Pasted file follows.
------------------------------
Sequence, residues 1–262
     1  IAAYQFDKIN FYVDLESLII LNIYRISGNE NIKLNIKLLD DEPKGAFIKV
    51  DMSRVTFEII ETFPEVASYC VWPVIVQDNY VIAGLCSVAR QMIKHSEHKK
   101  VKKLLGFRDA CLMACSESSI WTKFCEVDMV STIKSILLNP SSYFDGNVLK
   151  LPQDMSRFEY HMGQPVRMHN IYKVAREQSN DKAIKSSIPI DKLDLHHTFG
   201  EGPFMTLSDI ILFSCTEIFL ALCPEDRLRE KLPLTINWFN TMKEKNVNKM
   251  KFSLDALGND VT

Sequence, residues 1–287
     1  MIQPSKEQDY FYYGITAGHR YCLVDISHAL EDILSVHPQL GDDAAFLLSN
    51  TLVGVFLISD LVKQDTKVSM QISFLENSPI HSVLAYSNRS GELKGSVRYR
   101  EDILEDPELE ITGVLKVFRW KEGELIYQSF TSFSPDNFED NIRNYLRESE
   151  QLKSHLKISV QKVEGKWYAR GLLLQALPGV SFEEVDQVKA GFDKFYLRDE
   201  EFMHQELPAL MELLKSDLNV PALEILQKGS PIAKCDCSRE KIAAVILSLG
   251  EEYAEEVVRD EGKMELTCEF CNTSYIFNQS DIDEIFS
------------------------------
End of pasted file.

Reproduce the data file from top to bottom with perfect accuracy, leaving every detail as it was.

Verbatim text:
Sequence, residues 1–262
     1  IAAYQFDKIN FYVDLESLII LNIYRISGNE NIKLNIKLLD DEPKGAFIKV
    51  DMSRVTFEII ETFPEVASYC VWPVIVQDNY VIAGLCSVAR QMIKHSEHKK
   101  VKKLLGFRDA CLMACSESSI WTKFCEVDMV STIKSILLNP SSYFDGNVLK
   151  LPQDMSRFEY HMGQPVRMHN IYKVAREQSN DKAIKSSIPI DKLDLHHTFG
   201  EGPFMTLSDI ILFSCTEIFL ALCPEDRLRE KLPLTINWFN TMKEKNVNKM
   251  KFSLDALGND VT

Sequence, residues 1–287
     1  MIQPSKEQDY FYYGITAGHR YCLVDISHAL EDILSVHPQL GDDAAFLLSN
    51  TLVGVFLISD LVKQDTKVSM QISFLENSPI HSVLAYSNRS GELKGSVRYR
   101  EDILEDPELE ITGVLKVFRW KEGELIYQSF TSFSPDNFED NIRNYLRESE
   151  QLKSHLKISV QKVEGKWYAR GLLLQALPGV SFEEVDQVKA GFDKFYLRDE
   201  EFMHQELPAL MELLKSDLNV PALEILQKGS PIAKCDCSRE KIAAVILSLG
   251  EEYAEEVVRD EGKMELTCEF CNTSYIFNQS DIDEIFS